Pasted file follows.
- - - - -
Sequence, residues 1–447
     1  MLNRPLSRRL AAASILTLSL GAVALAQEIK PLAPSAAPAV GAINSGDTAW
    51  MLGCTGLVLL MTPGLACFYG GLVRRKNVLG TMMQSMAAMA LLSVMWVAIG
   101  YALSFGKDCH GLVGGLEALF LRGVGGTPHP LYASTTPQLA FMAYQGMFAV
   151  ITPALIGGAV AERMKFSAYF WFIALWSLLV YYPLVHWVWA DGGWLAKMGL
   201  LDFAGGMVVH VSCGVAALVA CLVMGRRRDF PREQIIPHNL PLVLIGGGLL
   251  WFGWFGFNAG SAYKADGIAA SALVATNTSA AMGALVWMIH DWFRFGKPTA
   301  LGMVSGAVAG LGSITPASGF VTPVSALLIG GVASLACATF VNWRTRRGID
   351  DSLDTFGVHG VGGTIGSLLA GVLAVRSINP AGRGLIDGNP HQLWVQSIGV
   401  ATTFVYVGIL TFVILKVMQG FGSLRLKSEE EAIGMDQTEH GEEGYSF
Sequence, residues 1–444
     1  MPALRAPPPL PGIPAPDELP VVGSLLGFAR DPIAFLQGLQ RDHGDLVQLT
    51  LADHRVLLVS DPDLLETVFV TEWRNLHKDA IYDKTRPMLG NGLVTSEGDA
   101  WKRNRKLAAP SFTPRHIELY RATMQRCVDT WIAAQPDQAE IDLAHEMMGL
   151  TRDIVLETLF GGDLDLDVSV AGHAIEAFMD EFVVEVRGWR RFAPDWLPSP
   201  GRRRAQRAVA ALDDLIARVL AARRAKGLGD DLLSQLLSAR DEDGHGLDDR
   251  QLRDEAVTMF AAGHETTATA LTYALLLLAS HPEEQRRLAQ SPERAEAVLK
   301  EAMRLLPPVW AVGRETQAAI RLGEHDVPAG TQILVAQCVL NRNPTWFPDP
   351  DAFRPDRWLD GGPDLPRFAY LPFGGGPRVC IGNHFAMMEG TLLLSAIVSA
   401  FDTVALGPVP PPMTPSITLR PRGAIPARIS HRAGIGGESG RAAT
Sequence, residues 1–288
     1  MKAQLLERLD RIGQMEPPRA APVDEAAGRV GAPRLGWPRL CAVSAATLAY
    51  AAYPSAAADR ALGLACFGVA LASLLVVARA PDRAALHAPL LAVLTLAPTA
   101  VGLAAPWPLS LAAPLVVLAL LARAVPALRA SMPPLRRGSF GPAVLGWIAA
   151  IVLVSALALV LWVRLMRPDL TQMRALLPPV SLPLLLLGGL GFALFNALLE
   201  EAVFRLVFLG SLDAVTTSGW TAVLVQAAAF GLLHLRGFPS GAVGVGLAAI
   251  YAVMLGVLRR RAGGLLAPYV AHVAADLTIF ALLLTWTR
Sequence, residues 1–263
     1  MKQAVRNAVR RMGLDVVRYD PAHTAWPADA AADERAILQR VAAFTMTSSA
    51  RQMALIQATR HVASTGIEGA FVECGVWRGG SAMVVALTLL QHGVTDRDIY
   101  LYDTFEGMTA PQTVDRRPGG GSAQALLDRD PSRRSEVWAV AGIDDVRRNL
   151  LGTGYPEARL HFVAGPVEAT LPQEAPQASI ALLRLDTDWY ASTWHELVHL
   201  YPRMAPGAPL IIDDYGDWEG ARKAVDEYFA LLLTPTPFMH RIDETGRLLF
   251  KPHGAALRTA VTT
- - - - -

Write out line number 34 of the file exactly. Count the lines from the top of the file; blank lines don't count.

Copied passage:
   251  KPHGAALRTA VTT